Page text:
Preparing for a Divorce While You’re Happily Married

Preparing for a Divorce While You’re Happily Married

Preparing for a Divorce While You’re Happily Married

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Today’s topic – Preparing for a Divorce while You’re Happily Married might seem antithetical, if one is indeed happily married. However, we do things to prepare for the worst possible scenario all the time. We participate in fire drills at school, work and hopefully home. We practice earthquake drills in the event one happens and even prior to marriage, we often sign pre-nuptial agreements in the event the marriage goes south. Preparation can be a very helpful thing, especially if divorce becomes an inevitable resolution to an unhappy marriage.

Knowing how the process of divorce works can be helpful to keeping down costs for both parties. It can also help each partner to remain as calm and collected as possible during a very hectic and chaotic time. This is especially important if you share children and want to do what is best for them.

It may not be true that half of all marriages end in divorce (it’s less than that, though difficult to calculate), as Americans, we tend to divorce a lot. Thinking about something as depressing as the end of a marriage might be difficult, especially if you are newly married, engaged or have been married for some time now. However, it’s important to be prepared for the worst so that you can navigate the ups and downs and ins and out as graciously as possible. The following tips can be viewed as a drill of sorts, get your ducks in a row and hope that you never need to use them.

Preparing for a Divorce While You’re Happily Married

Know your spouses income and assets – It’s important to know how much your spouse is worth, what he or she is spending their money on, how much debt they have and how much they have saved for retirement, if any. This is crucial if you are a new parent and provide stay at home care. Keep copies of all tax returns, IRAs, 401Ks, credit card statements, etc. In the event of a divorce, you may not have access to this information. It’s possible, even your right, to have access, but you may have to utilize an attorney to make that happen.

Know your household expenses – This should be something that is reviewed each month, sadly most people don’t. Sit down with your spouse and go through your monthly expenses so you know if you are over extended. This is a great time to get a hold of your finances and might even help prevent a future divorce. Work to eliminate as much debt as possible, as a couple, and you’ll discover that your marriage can be less stressful.

Stay connected – If you’re a stay-at-home parent be sure to stay connected to friends and previous co-workers. In the event of a divorce, you’ll find this network to be indispensable. Whether you lean on these people for emotional support or for finding a job in the future, having your own network of friends and colleagues will help you land on your feet faster and firmer than if you didn’t have access to this kind of support.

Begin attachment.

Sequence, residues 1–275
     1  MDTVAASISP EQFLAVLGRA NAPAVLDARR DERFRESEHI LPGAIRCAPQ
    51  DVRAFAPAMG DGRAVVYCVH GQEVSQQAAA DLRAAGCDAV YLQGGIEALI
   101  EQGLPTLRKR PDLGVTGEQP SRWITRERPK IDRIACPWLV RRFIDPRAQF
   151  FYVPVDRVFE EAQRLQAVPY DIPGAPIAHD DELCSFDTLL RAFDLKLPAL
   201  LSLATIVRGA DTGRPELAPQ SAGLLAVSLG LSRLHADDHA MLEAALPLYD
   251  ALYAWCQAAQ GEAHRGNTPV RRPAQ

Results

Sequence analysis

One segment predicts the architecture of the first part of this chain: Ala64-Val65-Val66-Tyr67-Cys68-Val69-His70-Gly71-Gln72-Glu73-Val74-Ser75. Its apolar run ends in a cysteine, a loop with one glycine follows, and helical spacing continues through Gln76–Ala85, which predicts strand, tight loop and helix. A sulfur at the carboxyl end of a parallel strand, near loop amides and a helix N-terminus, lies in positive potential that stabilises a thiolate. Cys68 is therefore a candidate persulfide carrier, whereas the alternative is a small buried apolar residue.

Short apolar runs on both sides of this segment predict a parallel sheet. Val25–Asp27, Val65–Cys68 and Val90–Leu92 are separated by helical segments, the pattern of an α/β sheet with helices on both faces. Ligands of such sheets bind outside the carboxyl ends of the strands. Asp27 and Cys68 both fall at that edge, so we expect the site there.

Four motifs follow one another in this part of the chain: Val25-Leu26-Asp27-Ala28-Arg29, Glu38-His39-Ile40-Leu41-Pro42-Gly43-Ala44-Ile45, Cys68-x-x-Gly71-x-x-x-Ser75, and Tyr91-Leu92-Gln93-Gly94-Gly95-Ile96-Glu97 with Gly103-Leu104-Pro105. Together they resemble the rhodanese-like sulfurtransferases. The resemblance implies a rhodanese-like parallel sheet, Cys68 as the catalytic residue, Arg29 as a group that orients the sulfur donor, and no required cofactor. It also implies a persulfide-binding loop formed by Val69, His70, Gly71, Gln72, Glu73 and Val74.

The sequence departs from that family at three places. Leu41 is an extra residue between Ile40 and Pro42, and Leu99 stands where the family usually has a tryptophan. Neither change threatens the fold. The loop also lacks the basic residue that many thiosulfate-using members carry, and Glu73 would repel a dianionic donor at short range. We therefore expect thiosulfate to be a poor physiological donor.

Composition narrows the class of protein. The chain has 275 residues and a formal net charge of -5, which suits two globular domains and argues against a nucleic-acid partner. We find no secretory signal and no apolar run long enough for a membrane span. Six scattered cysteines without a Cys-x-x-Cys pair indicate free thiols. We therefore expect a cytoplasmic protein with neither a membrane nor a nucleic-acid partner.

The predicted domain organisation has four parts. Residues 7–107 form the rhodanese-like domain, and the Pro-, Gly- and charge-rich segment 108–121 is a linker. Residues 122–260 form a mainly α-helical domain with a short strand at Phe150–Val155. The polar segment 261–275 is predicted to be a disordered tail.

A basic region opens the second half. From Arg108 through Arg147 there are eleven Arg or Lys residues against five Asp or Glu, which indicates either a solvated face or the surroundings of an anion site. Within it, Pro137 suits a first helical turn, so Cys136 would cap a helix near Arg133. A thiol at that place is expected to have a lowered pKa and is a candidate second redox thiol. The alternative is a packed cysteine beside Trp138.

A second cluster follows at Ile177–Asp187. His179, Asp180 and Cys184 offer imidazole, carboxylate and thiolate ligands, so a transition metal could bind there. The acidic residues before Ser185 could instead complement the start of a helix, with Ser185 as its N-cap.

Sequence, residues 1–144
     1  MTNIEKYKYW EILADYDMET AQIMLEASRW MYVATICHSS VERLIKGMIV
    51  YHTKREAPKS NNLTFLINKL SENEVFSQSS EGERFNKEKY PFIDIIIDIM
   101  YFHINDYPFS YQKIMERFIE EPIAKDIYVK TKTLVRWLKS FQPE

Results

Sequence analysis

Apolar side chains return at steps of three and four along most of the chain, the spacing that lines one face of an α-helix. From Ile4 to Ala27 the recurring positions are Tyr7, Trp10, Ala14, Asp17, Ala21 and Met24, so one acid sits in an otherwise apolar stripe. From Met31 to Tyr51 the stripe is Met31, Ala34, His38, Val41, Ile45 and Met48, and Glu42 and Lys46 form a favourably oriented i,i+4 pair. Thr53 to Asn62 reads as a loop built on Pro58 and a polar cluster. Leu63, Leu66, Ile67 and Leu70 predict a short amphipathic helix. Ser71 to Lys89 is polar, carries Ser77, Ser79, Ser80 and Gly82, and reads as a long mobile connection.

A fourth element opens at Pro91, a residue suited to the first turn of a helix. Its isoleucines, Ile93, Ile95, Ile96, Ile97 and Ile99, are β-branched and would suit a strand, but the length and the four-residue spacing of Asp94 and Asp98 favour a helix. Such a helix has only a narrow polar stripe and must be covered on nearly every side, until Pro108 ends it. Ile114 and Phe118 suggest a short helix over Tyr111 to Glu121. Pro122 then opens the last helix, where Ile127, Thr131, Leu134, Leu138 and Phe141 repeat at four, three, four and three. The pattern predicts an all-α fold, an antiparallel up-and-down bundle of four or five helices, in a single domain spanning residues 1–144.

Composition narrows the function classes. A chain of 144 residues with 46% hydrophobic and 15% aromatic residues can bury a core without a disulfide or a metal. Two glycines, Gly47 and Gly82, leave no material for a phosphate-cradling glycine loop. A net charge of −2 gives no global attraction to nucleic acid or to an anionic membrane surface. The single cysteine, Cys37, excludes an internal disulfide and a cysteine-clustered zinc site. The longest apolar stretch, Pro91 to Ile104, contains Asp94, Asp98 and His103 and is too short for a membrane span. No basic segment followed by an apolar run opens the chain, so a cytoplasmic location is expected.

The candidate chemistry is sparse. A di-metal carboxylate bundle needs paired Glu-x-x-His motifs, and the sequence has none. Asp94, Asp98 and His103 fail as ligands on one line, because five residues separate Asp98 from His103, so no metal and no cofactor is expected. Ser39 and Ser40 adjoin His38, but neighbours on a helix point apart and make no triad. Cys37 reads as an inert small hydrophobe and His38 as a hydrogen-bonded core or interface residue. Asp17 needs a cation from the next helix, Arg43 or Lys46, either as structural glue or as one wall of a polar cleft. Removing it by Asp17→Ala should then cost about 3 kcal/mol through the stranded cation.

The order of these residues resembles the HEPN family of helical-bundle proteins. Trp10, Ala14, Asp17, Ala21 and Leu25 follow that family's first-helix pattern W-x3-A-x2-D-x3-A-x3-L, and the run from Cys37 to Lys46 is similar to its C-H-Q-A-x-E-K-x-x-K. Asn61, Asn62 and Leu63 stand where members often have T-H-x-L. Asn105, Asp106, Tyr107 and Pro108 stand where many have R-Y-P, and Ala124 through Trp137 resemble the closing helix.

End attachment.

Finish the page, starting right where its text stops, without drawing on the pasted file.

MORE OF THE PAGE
Make future decisions – If you have children now is the time to discuss issues such as schooling, religion, travel, and other possibly contentious topics. Knowing you agree on these issues now will help make the transition later much easier. You won’t be navigating unchartered waters if you’ve discussed saving for college, traveling abroad or whether or not to participate in religious activities. Making these decisions now can save you legal fees down the road and can prevent bickering and frustration as well.

Vow to remain respectful – Divorce is difficult and it can be messy. Refraining from name calling, arguing, sabotaging and all the other things we do to hurt one another will make the process much easier, will cost less in legal fees and will reduce stress on each other, family and friends and especially any children.

It’s helpful to revisit these issues on a regular basis. As situations change so will your beliefs about the decisions you’ve made regarding these issues. Plan on going over these items once a year to stay up to date. Being prepared can go a long way to preventing a horrible ending, even if you do divorce.

About the author:

Dr. Janna Fond lives in the San Francisco Bay Area with her husband and two children. When not seeing clients, playing with her kids or working on her latest manuscript, she enjoys cycling, yoga and relaxing on the beach.

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